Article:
Thomas Jefferson, remix artist? Well, yes. Fragmentation and recombination are natural features—and unavoidable consequences—of language use, and the Declaration of Independence is a remarkable remix of ideas, a crosshatch of interconnected and often competing influences. What might an investigation of the Declaration tell us about the internet, Reality Hunger, and collage as a literary form?
“Character is action.” “You are what you do.” These adages are behaviorist: they imply that identity is reducible to externally observable data. They argue that the question of who we are—always the topic, in some sense, of literary fiction—is answerable in terms of the impact our actions have on the world around us. Like the ubiquitous Show, don’t tell, they take a common problem and offers an overcorrection. They advise us to steer into the skid of interiority, bringing the story out of a character’s mind and into the external narrative world. Furthermore, such thinking is corrosive to the very moments in literature I find most compelling, moving, and meaningful. They repress the particular species of felt experience I hunger for as a reader, and which I seek to capture in my own work.
According to the Weekly World News, I am writing on the verge of apocalypse and this blog post will never be read. The nineteenth of December: two days until we reach the terminus of the ancient Mayan calendar and find ourselves ushered into a future better left to the imagination of Roland Emmerich. Or Nancy Lieder. Or John of Patmos. Or whomever. Apocalypses come and go, and if some prophets, like the Revelator or Nostradamus, achieve a more lasting fame than others, it seems to have little to do with their accuracy as doomsayers. What’s worth noting about our latest onrushing apocalypse, however, is just how timely it seems.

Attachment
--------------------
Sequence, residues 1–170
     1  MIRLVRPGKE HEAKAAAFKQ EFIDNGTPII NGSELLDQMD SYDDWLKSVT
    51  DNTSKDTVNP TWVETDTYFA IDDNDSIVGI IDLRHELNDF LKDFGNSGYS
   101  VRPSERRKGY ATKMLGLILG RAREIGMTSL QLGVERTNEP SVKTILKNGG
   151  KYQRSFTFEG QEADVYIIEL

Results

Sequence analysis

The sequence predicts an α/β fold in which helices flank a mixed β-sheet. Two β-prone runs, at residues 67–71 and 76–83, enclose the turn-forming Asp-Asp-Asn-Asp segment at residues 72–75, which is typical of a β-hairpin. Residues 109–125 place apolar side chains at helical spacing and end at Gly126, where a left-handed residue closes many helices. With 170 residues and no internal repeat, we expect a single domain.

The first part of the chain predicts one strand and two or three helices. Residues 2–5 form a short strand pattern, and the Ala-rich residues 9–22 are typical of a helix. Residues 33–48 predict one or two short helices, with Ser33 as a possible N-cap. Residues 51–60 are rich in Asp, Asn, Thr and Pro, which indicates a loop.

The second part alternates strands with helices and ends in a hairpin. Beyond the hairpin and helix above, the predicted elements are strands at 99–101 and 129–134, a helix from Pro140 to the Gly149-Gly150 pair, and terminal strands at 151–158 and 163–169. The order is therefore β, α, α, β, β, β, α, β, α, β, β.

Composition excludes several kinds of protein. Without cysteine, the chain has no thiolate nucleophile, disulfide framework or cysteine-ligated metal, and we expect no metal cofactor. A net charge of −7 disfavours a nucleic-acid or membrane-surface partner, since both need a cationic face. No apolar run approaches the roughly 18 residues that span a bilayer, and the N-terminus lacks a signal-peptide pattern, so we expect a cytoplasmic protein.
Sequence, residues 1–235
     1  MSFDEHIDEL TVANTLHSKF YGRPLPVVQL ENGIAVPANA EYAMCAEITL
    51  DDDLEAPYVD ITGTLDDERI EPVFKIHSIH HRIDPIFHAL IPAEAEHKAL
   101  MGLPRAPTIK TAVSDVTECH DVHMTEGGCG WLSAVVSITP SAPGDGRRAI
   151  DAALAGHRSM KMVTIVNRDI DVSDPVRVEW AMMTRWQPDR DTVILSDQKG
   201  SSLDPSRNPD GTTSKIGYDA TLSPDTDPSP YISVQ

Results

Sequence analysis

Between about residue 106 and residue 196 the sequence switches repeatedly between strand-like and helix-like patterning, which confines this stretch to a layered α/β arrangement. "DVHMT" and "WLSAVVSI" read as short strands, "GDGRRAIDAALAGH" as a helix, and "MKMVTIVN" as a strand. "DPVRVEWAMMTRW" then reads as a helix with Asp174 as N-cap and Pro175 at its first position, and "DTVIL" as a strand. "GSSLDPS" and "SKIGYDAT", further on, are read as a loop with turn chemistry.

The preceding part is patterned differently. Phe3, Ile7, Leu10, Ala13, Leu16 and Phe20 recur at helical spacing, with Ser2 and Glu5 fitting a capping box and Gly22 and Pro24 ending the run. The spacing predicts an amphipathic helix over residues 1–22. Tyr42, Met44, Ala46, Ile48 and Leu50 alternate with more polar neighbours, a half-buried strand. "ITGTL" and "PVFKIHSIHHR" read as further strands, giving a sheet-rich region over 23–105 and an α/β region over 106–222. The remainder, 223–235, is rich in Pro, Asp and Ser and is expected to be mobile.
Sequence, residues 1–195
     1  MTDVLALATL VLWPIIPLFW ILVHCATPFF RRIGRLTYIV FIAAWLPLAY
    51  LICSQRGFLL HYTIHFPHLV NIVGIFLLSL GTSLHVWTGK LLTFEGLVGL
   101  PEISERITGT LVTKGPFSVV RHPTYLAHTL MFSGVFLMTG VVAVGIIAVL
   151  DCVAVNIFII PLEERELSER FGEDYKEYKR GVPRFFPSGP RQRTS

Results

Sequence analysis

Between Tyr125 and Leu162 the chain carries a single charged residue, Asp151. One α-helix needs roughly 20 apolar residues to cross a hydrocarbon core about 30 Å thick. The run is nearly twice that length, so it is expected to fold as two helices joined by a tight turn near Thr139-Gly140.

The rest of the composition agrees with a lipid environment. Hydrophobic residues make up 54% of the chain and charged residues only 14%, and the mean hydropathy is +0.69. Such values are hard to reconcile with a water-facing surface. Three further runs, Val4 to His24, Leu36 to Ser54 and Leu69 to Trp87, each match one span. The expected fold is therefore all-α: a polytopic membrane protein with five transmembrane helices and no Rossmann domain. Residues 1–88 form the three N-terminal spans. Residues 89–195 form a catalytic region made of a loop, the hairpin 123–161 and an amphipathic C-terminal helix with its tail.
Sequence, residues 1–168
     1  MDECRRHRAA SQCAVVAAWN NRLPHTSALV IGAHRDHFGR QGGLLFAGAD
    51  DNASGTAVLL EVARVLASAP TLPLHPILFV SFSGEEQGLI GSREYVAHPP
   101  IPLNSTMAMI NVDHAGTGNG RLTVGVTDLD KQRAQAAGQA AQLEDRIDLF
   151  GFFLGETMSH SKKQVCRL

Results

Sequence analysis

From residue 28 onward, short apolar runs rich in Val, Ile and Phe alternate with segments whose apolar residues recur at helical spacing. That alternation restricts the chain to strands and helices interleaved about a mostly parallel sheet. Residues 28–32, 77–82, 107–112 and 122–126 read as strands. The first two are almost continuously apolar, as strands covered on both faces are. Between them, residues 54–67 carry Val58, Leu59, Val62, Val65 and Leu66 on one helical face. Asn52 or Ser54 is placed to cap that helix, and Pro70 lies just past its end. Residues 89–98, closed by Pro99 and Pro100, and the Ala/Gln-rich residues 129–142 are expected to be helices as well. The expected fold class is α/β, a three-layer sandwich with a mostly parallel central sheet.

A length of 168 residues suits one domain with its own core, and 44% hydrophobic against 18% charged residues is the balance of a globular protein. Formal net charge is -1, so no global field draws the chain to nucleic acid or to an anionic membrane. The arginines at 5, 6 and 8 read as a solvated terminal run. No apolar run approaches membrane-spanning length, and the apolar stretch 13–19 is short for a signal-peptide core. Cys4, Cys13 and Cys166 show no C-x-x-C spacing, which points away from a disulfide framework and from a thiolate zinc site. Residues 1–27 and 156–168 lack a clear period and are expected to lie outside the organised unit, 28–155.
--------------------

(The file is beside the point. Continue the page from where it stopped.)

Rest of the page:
“What if, looking at those ducklings, we saw not some reflection of human bravery, some mental state for which we already have the words, here and now, in our gas-guzzling postindustrial lives? What if, instead, we recognized the ducklings’ abandon, as Wendell Berry calls it—the wordless, mindless, absolute passion with which the need to leave the nest has been not merely accepted, but embraced?”
The 2012 education platform released by the Republican Party of Texas last summer contains more than just a troubling attack on critical thinking skills in the classroom. Considered in a broad historical context, the GOP’s platform lays bare fundamental inconsistencies in the conservative thought that birthed it. The product of a grossly divided intellectual legacy, it represents an extraordinary cheapening of our American heritage.